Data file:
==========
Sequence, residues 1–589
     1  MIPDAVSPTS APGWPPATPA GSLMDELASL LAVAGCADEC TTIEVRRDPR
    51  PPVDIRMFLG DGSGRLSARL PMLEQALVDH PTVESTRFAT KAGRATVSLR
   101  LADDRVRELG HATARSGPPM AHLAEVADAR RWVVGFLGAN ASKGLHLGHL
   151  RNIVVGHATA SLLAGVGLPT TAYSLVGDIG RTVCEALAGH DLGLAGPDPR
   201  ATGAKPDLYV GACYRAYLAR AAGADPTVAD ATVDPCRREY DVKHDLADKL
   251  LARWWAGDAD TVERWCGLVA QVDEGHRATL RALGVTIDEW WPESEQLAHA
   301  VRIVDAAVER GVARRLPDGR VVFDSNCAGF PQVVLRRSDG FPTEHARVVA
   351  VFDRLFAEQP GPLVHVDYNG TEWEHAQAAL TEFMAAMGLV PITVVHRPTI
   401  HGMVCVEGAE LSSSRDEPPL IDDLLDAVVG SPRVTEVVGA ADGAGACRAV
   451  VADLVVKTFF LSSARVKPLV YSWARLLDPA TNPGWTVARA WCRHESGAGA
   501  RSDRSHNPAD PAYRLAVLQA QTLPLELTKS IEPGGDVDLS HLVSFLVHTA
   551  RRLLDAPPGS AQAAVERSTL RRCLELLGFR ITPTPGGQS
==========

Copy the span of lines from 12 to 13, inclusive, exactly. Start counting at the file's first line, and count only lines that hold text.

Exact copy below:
   501  RSDRSHNPAD PAYRLAVLQA QTLPLELTKS IEPGGDVDLS HLVSFLVHTA
   551  RRLLDAPPGS AQAAVERSTL RRCLELLGFR ITPTPGGQS